Some people prefer checking their bags just so they don’t have to hassle with them. If you don’t have the elite status or airline credit card to get your bags checked for free, pack your things in a carry-on and take it to the gate. Most airlines, but double-check the policy first, are more than happy to check your bag for free at the gate so they can save in overhead space and ensure an on-time departure.

If you do check a bag, always immediately check your contents while at the baggage claim. Often, you only have about four hours once you land to place a claim with the airlines if anything has been stolen. As far as claiming any damages to your checked luggage, good luck. I stick to my warranty for that part.

CS: Traveling with just a carry-on can be a challenge with liquid limitations. What’s the best way to overcome this?

CD: Unfortunately, after 9/11, things will never be the same in this arena. The best thing to do is invest in travel bottles that are 3.4 ounces or purchase trial-size liquids. Label them and place them in your toiletry bag, which should only be taken out of your luggage to refill. Also, having as many non-liquid alternatives as possible helps. Instead of shower gel, pack a bar of soap. Dry shampoo and solid fragrance sticks are other great non-liquid options.

Airport lines, travel
Source: iStock

CS: People often travel for holidays, work, or something else that requires nice clothing. How do you avoid ending up with a wrinkled mess?

CD: For nice clothes, I typically fold along the seams and use Downy Wrinkle Releaser spray for those hard-to-release wrinkles. Also, allow your garment to hang in the bathroom when you shower; the hot steam can help get rid of wrinkles. If there’s time, always check to see if the hotel has a steamer, iron, or laundry service. As a last resort, you can always head to the nearest one-hour cleaners if that level of pressing is necessary.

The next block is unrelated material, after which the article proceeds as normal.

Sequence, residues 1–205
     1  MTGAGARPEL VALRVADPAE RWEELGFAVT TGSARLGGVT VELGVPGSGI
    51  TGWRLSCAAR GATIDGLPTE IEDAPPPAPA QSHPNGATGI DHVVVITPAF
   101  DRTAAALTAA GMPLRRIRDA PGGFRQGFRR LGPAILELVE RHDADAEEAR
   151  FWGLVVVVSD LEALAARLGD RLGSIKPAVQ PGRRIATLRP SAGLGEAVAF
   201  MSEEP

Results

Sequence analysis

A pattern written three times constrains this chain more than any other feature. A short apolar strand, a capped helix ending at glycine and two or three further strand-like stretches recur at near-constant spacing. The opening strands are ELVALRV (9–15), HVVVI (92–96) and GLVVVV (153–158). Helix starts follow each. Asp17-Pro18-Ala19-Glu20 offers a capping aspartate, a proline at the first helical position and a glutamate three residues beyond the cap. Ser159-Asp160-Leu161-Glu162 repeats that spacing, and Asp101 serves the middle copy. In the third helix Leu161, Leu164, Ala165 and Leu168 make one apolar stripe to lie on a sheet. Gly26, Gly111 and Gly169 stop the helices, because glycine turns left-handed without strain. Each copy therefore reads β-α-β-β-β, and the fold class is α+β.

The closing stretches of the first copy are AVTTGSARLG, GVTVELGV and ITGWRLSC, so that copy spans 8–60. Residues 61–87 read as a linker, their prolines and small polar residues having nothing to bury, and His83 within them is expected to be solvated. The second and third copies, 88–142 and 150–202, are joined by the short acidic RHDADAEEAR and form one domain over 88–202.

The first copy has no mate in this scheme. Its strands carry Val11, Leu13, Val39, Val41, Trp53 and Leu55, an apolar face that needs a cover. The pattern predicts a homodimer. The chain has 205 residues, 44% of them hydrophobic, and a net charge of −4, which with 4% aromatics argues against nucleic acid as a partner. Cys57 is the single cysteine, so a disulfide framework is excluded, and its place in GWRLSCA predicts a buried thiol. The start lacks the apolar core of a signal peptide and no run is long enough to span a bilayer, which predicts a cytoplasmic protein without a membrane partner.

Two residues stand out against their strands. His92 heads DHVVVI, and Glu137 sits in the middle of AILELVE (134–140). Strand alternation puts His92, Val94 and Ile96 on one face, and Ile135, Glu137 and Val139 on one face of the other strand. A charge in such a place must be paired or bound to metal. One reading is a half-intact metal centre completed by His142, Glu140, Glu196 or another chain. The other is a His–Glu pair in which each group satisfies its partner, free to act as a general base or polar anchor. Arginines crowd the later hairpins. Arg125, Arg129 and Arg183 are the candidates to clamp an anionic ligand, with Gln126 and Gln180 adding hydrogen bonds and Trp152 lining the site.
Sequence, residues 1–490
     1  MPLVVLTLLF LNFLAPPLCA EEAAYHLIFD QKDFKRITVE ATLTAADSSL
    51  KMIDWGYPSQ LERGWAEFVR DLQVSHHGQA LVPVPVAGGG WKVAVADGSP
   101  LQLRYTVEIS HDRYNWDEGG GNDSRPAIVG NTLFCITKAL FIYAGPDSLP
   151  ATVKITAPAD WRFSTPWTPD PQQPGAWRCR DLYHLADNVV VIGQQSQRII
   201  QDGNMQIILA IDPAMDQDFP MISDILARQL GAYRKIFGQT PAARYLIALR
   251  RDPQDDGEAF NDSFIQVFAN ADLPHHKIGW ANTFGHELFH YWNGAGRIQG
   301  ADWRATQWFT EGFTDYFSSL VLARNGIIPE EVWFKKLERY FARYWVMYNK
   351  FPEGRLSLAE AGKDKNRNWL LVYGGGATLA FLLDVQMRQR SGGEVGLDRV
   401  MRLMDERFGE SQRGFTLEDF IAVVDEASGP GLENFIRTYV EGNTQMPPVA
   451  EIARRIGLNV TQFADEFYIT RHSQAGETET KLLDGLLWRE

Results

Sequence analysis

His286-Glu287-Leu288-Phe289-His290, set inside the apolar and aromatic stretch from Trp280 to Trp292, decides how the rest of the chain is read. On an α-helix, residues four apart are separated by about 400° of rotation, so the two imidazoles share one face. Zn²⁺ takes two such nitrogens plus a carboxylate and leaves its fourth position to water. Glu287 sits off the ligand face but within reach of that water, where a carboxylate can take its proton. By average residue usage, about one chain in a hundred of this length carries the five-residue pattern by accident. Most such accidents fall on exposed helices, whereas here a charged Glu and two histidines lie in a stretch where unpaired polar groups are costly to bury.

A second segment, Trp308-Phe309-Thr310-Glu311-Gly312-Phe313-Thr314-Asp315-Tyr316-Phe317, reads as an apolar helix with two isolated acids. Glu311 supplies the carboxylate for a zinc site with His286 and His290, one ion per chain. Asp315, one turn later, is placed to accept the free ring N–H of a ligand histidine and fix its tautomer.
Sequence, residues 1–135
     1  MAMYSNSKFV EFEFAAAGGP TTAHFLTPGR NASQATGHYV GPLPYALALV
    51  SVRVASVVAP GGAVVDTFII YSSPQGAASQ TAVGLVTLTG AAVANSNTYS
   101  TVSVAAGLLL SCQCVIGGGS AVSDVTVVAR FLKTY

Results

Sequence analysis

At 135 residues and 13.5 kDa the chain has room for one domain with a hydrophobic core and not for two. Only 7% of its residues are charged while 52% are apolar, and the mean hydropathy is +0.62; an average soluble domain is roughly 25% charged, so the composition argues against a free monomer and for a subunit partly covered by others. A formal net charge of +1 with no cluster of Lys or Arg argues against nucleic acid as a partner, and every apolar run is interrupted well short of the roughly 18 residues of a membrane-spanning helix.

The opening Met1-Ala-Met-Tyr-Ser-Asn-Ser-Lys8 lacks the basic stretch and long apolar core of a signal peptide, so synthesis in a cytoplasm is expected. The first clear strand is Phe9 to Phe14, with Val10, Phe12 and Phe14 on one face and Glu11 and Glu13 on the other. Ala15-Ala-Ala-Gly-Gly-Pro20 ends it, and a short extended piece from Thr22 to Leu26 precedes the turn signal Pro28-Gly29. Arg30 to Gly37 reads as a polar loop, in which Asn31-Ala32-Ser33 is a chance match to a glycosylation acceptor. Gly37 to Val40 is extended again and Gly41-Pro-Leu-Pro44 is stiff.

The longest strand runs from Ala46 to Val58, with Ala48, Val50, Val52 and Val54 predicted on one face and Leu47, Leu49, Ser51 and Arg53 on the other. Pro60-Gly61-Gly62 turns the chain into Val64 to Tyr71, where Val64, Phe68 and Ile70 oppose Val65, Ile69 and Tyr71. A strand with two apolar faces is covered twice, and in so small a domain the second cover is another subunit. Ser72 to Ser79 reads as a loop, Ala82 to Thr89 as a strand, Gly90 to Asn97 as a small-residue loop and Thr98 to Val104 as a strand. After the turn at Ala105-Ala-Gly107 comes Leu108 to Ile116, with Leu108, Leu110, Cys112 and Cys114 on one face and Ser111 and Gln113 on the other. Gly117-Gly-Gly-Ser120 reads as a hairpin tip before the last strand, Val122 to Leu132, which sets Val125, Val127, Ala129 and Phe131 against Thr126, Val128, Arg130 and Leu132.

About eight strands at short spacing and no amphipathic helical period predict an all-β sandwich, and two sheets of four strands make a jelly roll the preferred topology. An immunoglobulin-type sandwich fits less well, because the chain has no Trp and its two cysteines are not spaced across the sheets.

CS: During the holidays, how can you bring gifts and return with your own without facing a massive overweight fee?

CD: To avoid this, my family sticks to gift cards or cash for the kids. Using $2 bills, which you can get from your local bank, is even better because they don’t weigh anything and are a bit more valuable because they’re unique. The other option is to pack an empty, sturdy, collapsible bag with a zipper. This way, if you need to on your trip home, you only have to check one bag.

Another option is to simply tell anyone planning on getting you a gift to have the item shipped to your home address while away. During the gift exchange, they can have an envelope with a photo of the item that is now waiting for you at home. This can be so much fun because someone can get really creative by personalizing the envelopes and photos of the gifts they’re giving. Also, it’s fun for the receiving person because they have the gift to look forward to when they return home. They kind of get to re-open it.

CS: What about if you’re bringing delicate objects?

CD: I always carry my delicate objects in my carry-on backpack so I can control any impact it may face. If it must be checked because it’s a large liquid, for instance, always check with the store where you purchased the item to see if they have any shipping material that could protect the item. Some liquor stores have free or inexpensive custom boxes and Styrofoam that snugly fit the bottles. If this isn’t an option, bubble-wrapping an item is your best bet. After you wrap it and think it’s snug enough, wrap it once more. Place the item in the center of your luggage, on top of at least one layer of clothing, then pack around the item to make sure it won’t move. Lastly, pack another layer of clothing on top.

If you have the airlines put a fragile sticker on the luggage, be aware they will most likely make you sign a waiver that protects them from any damages. And FYI, this label does not guarantee it will be handled delicately.

CS: Any other tips?

CD: Just allow whatever happens, good or bad, to enrich your travel venture because you can’t control it. In my 40 plus years of traveling and over 16 years working in this industry, I have come to use the motto “Travel: it’s all about the journey. The destination is just dessert!”

More from Culture Cheat Sheet:

Want more great content like this? Sign up here to receive the best of Cheat Sheet delivered daily. No spam; just tailored content straight to your inbox.